Despite this rapidly growing demand from the public sector, we however did not see plasma companies developing their footprints accordingly, as their key priority is to maintain the leanest structure possible in Brazil. In this challenging context, Octapharma has however decided to choose a different market approach and it is now ready to partner more broadly with the MoH and the overall Brazilian healthcare system.

Octapharma was indeed invited by a Brazilian public enterprise concerning medicine innovation – Tecpar – to design a new Productive Development Partnership (PDP) with the MoH for the supply and technology transfer of recombinant Factor VIII in Brazil – after two previous agreements failed to deliver on their premises. Could you provide insights into the context that led to the submission of this innovative PDP by Octapharma?


The PDP recently submitted by our company stands as a large-scale investment project that required a dense and complex design phase, as our objective is to ultimately provide the MoH with the most efficient supply platform possible and avoid the setbacks faced by the previous projects.

Considering the information publicly released by the MoH, we understand that a first agreement was signed between the Brazilian Hemoderivative and Biotechnology Company (Hemobrás) and LFB. This agreement unfortunately did not bring the expected outcomes, which prompted the government to sign in 2012 a similar PDP with Baxter [before the spin-off of Baxalta and its acquisition by Shire in 2016 – Ed]. Again, looking at the latest developments publicly released by the MoH, it seems that this complex PDP did not deliver neither the expected results in terms of technology transfer nor the production outputs [signed in 2012, the PDP notably stipulated that the technology transfer should have effectively started within five years, which did not happened – Ed].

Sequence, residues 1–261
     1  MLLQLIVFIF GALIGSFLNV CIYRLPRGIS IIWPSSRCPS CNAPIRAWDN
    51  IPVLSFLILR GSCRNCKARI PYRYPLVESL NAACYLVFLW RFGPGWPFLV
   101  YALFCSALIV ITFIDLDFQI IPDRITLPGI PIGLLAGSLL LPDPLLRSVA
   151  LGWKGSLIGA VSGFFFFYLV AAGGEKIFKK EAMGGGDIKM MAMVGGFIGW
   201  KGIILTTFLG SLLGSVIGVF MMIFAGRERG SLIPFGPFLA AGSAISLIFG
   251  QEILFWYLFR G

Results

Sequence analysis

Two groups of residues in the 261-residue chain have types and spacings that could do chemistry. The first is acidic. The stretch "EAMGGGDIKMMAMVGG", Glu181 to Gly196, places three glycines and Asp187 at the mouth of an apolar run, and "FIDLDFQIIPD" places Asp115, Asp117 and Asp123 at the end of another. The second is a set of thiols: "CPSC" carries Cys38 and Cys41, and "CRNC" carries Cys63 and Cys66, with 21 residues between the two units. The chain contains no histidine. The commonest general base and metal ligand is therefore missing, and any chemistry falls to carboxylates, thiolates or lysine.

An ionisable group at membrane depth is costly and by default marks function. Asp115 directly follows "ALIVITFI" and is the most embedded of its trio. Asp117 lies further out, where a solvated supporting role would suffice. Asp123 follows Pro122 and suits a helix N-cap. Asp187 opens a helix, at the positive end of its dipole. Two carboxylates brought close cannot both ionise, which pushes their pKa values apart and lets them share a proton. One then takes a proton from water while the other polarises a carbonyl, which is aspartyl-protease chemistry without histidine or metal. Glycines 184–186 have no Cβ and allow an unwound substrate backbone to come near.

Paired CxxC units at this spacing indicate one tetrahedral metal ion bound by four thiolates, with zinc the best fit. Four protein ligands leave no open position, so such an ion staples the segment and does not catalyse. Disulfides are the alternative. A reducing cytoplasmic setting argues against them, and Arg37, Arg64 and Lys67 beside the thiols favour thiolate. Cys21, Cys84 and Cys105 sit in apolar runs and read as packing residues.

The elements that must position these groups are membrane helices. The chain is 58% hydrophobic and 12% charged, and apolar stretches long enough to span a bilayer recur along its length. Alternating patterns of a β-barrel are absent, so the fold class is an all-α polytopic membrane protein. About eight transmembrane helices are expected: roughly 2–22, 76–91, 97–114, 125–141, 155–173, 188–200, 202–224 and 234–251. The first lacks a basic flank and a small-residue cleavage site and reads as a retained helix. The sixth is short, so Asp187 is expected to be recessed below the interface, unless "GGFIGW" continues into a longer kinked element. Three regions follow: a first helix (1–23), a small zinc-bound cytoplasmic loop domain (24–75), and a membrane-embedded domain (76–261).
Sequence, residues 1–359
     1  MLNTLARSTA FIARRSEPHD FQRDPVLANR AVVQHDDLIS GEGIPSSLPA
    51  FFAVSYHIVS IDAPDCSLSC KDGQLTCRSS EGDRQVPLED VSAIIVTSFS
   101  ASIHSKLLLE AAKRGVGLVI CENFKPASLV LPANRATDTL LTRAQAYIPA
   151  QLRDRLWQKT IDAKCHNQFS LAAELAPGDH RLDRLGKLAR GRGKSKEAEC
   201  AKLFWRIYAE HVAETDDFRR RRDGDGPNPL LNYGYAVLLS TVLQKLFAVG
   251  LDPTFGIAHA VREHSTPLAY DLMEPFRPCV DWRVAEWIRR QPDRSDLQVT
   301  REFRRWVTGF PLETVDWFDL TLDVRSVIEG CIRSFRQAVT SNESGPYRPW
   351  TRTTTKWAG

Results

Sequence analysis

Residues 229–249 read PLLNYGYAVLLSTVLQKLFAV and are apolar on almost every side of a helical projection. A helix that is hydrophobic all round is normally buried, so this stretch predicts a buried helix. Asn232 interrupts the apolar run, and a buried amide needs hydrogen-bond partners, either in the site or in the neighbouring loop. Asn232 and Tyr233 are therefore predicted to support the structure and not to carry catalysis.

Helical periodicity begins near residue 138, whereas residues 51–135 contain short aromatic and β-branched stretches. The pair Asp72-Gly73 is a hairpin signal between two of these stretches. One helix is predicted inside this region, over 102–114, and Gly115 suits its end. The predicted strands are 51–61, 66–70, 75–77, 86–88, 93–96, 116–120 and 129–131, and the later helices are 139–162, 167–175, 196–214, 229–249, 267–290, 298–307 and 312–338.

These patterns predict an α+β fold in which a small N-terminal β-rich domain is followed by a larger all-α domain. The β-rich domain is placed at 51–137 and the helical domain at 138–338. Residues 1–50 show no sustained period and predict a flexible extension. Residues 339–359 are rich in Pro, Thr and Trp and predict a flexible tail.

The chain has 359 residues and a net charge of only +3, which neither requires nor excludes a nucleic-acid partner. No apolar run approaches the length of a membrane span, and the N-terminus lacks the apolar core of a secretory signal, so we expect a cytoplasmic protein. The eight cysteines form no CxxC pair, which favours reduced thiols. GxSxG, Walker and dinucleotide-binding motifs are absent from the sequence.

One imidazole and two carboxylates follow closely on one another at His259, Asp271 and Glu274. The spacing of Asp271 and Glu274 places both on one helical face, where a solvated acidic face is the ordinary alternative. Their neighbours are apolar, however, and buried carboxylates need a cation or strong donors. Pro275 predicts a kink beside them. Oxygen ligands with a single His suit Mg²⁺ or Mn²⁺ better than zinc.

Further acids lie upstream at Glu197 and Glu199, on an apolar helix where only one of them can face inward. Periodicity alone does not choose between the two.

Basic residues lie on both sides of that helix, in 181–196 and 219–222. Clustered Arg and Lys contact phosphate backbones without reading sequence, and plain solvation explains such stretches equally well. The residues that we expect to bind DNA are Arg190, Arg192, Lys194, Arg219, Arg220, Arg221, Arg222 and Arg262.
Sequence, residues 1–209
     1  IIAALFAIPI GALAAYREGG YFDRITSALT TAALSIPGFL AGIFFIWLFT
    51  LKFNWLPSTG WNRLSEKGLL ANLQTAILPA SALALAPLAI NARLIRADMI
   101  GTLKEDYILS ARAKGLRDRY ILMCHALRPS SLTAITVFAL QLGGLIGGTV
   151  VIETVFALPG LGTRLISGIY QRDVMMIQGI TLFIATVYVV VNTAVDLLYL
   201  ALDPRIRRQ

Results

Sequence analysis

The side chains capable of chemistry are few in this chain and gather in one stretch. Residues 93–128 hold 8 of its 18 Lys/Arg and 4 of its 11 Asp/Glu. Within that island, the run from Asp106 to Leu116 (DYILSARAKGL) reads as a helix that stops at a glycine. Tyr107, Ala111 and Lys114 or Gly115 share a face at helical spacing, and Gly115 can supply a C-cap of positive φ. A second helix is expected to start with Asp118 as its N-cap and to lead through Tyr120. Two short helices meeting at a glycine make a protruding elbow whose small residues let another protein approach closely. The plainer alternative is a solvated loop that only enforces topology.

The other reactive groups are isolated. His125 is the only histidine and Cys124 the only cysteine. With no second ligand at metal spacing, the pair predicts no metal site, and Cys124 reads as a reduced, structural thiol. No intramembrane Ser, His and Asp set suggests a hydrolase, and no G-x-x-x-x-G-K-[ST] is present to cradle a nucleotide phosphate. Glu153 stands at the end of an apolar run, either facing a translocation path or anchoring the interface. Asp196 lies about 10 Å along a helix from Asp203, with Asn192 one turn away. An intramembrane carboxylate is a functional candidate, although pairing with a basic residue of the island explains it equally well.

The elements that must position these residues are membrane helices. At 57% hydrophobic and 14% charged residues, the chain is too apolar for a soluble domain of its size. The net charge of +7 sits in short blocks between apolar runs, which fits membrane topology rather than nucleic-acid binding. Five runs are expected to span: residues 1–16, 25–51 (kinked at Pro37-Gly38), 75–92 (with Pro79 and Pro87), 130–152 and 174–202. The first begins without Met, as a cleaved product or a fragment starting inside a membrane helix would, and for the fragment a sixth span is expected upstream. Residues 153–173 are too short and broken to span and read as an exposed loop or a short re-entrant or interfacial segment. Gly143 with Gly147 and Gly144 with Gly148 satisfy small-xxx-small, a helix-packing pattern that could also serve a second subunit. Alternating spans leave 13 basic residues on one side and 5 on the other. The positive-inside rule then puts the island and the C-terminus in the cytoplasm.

In this context, Octapharma and other plasma companies were invited by Public enterprises to suggest new PDP projects for recombinant factor VIII. Octapharma decided to seize this exciting opportunity and submitted in June 2017 a new, holistic project, whose fundamental approach is to develop a more integrated and complete partnership model, which would allow the government to fully maximize the investment conducted by our company.

What specificities set the PDP submitted by Octapharma apart from those previously implemented?

Given the sheer size of the Brazilian market, we decided to broaden and expand our PDP’s integrated approach beyond Hemobras’ productive capacity. In this regard, Octapharma’s technology transfer would also include the Butantan Institute [one of the largest centers of biomedical research in the world, located in the state of Sao Paulo – Ed.], whose plasma plant was initially set up in 2011 but has remained unused since then.

Furthermore, one of the key specificities of this PDP relates to the outstanding product covered by the technology transfer: Octapharma antihemophilic factor VIII. This fourth-generation recombinant – proudly stands as the latest frontier reached by science – is derived from a human cell-line; hence it is not chemically modified nor fused with another protein. In this regard, it is extremely similar to the factor VIII contained in the human plasma, which minimizes issues typically faced by other recombinants already in the market.

With this PDP, we truly looked at leveraging Octapharma’s technical leadership to develop a tailor-made solution adapted to the specific needs of the Brazilian ecosystem, including the risks posed by the high prevalence of infectious and tropical diseases in the country. In this regard, we integrated in our PDP project a proprietary technology that enables the virus inactivation of the plasma for all relevant viruses from a transfusional point of view including the Zika, Dengue and Chikungunya virus, which will provide clinics and hospitals with a heightened transfusion safety.

What makes Octapharma the partner of choice of the aforementioned Brazilian Public enterprise – Tecpar – for such a long-term and strategic project?

Octapharma’s differentiator in Brazil is twofold. First, it relates to our readiness to invest huge, long-term resources in the country; as a matter of fact, the aforementioned PDP would entail an investment of USD 500 million from our side, and – according to the information publicly released by the PDP department of the MoH – no other plasma companies have demonstrated their willingness to engage in such a long-term investment project in Brazil.